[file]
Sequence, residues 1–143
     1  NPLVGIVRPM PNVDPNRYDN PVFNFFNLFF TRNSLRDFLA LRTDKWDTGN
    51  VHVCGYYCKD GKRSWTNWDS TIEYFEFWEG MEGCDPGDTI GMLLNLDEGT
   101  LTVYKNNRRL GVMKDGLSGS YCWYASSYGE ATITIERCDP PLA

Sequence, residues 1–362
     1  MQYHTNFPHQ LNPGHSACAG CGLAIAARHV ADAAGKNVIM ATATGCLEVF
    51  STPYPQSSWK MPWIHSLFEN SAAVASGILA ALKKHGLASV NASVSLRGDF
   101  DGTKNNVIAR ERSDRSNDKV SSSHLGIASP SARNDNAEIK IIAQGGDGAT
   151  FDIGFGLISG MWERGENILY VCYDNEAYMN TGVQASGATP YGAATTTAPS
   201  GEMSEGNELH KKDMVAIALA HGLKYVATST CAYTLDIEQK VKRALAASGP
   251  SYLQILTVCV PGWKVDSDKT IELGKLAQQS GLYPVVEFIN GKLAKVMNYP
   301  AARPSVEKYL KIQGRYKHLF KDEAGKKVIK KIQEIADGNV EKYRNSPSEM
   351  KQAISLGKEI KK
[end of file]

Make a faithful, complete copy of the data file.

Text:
Sequence, residues 1–143
     1  NPLVGIVRPM PNVDPNRYDN PVFNFFNLFF TRNSLRDFLA LRTDKWDTGN
    51  VHVCGYYCKD GKRSWTNWDS TIEYFEFWEG MEGCDPGDTI GMLLNLDEGT
   101  LTVYKNNRRL GVMKDGLSGS YCWYASSYGE ATITIERCDP PLA

Sequence, residues 1–362
     1  MQYHTNFPHQ LNPGHSACAG CGLAIAARHV ADAAGKNVIM ATATGCLEVF
    51  STPYPQSSWK MPWIHSLFEN SAAVASGILA ALKKHGLASV NASVSLRGDF
   101  DGTKNNVIAR ERSDRSNDKV SSSHLGIASP SARNDNAEIK IIAQGGDGAT
   151  FDIGFGLISG MWERGENILY VCYDNEAYMN TGVQASGATP YGAATTTAPS
   201  GEMSEGNELH KKDMVAIALA HGLKYVATST CAYTLDIEQK VKRALAASGP
   251  SYLQILTVCV PGWKVDSDKT IELGKLAQQS GLYPVVEFIN GKLAKVMNYP
   301  AARPSVEKYL KIQGRYKHLF KDEAGKKVIK KIQEIADGNV EKYRNSPSEM
   351  KQAISLGKEI KK